A wealthy businessman, aptly named Sarkar (meaning government), decides to divert the open sewer channel that carries garbage from Ooncha Nagar and run it through Neecha Nagar. Despite vehement opposition from the townspeople, Sarkar executes him anyway.

When Neecha Nagar suffers from an epidemic caused by the unsanitary living conditions and sewage, Sarkar builds a hospital so that he can exploit people and earn even more money from the misery he created first. place.

The cast includes Rafiq Anwar, Uma Anand, Kamini Kaushal, Rafi Peer, SP Bhatia and Mohan Saigal.

Taxi Driver (1976)

taxi driver cannes film
Image credit: Taxi Driver/© 1976 – Columbia/TriStar/IMDb

Martin Scorsese’s masterpiece Taxi driver follows the life of deranged loner and Vietnam War veteran Travis Bickle (Robert De Niro), who takes a job as a taxi driver in New York City, due to his insomnia. Written by Paul Schrader, the film paints an alarming and violent picture of a man’s descent into mental illness and inner-city alienation.

As Travis continues to haunt the city streets each night, becoming increasingly detached from reality, he begins to fixate on seeking justice against the despicable world, starting with New York. During this trip, he meets a campaign worker, Betsy (Cybill Shepherd). This leads her to change her life goals, training for revenge and plotting the assassination of the politician she works for.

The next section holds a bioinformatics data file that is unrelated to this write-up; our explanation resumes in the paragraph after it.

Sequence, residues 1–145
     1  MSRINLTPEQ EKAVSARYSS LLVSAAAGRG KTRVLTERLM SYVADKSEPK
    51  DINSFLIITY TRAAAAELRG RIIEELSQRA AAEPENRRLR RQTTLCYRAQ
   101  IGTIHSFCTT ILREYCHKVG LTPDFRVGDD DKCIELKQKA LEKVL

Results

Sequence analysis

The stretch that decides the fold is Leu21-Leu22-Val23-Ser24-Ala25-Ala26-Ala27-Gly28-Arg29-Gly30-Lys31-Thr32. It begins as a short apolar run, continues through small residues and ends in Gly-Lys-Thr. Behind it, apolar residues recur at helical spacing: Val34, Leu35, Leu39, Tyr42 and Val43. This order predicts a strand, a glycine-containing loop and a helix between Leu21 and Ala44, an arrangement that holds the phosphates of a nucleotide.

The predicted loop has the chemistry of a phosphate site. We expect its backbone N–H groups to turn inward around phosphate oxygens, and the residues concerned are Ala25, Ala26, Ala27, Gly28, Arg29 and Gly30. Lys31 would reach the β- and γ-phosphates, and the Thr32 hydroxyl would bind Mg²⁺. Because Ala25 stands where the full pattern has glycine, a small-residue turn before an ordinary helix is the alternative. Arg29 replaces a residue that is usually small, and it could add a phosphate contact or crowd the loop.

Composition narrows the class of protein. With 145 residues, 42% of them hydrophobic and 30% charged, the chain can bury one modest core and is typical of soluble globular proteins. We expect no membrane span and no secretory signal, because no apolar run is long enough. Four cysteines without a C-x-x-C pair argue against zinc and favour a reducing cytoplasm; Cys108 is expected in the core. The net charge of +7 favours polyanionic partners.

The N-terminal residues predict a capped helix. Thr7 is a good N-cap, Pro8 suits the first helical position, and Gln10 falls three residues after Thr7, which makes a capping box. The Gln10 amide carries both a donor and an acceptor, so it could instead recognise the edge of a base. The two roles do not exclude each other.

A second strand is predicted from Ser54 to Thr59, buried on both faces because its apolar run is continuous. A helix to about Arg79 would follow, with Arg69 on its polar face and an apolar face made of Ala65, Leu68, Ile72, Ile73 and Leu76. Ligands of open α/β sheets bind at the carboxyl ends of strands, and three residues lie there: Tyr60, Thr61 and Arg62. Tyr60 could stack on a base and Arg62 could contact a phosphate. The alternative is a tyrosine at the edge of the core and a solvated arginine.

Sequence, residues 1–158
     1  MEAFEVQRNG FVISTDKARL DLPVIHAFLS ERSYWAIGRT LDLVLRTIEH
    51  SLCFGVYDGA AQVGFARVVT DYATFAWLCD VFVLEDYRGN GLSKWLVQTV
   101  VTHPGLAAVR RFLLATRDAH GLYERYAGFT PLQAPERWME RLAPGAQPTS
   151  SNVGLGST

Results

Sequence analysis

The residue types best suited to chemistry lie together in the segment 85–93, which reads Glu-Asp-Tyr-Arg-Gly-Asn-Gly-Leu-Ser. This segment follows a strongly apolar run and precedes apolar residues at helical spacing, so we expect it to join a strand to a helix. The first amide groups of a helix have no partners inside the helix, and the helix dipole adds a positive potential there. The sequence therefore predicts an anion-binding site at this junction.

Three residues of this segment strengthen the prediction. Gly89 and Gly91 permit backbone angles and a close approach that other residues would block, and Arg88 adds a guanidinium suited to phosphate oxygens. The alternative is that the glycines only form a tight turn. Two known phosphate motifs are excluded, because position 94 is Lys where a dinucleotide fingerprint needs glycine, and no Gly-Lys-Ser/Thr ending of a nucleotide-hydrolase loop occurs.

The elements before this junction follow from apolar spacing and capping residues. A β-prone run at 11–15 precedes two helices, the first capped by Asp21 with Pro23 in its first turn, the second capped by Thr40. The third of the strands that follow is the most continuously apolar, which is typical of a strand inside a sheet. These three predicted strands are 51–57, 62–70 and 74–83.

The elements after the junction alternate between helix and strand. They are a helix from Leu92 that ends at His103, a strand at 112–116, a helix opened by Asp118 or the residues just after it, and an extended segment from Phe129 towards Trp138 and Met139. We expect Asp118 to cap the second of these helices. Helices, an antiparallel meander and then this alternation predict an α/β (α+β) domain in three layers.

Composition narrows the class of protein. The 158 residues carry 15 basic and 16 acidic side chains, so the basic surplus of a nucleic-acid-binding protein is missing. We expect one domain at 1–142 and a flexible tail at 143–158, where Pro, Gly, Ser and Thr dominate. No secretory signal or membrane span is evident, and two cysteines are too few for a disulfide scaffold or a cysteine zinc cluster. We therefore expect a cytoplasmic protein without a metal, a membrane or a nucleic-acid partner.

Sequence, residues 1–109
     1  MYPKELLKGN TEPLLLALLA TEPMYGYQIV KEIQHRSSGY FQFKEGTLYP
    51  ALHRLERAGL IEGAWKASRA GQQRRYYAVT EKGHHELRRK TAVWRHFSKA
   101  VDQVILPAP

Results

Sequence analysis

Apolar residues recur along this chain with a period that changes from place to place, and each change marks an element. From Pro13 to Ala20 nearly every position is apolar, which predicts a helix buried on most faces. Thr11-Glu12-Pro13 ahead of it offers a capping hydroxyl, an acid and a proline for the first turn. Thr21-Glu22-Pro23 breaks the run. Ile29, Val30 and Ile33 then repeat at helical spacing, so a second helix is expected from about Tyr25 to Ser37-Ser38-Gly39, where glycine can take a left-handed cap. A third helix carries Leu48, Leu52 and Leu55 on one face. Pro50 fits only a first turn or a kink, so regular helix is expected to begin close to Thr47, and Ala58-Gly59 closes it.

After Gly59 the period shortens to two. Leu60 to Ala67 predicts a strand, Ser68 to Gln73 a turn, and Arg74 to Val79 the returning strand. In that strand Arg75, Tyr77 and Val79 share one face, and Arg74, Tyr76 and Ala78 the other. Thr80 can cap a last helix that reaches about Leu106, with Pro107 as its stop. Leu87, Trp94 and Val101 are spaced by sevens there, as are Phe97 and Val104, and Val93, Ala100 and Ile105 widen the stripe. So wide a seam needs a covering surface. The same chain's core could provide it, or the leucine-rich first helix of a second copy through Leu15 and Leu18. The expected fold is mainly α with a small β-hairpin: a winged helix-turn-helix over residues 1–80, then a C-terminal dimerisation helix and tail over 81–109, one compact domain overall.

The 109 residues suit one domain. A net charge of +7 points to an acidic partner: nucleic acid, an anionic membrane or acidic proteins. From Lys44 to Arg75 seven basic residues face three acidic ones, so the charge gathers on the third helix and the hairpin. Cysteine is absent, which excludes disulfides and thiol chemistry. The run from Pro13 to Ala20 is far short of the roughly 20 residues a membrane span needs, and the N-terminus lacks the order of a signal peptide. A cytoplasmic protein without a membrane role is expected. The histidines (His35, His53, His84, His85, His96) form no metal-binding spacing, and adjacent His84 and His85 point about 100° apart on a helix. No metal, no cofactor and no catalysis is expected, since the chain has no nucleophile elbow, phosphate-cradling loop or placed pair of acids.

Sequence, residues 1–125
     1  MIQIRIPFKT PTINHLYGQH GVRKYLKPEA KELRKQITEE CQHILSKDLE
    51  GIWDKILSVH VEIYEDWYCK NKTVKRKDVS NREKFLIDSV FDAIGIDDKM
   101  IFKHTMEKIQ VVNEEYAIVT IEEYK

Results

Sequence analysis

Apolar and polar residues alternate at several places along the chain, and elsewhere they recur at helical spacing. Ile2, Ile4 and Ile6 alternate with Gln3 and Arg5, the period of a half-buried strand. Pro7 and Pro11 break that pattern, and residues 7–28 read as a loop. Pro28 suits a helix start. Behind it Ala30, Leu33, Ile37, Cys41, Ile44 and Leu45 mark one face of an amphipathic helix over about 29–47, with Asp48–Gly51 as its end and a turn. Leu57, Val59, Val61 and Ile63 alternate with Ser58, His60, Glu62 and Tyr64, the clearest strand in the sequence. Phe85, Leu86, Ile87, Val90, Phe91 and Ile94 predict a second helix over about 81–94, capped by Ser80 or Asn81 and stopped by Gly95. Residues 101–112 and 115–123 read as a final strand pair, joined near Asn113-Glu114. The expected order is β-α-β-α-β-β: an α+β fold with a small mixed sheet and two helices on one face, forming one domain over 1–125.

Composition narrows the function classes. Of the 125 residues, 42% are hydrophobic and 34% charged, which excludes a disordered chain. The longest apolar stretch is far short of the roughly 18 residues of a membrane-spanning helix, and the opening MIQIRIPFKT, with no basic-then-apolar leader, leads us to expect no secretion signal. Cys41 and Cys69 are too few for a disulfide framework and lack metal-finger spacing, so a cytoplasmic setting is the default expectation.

The film shines a light on the pervasive and debilitating side effects of loneliness and isolation, which is an epidemic facing contemporary society today. The supporting cast includes Harvey Keitel, Jodie Foster and Albert Brooks. Taxi driver deftly delves into how society can corrupt and be corrupt at the same time, for which he won the Palme d’Or at the 1976 Cannes Film Festival.

All That Jazz (1979)

and all that
Image Credit: All That Jazz/© 1979 20th Century Fox/IMDb

Released in 1979, And all that is a semi-autobiographical musical film based on the life of American director, screenwriter and actor Bob Fosse. The film, which was directed and co-written by Fosse himself, follows the story of his own life and the sordid career of his on-screen avatar, Joe Gideon (Roy Scheider), an infamous dancer.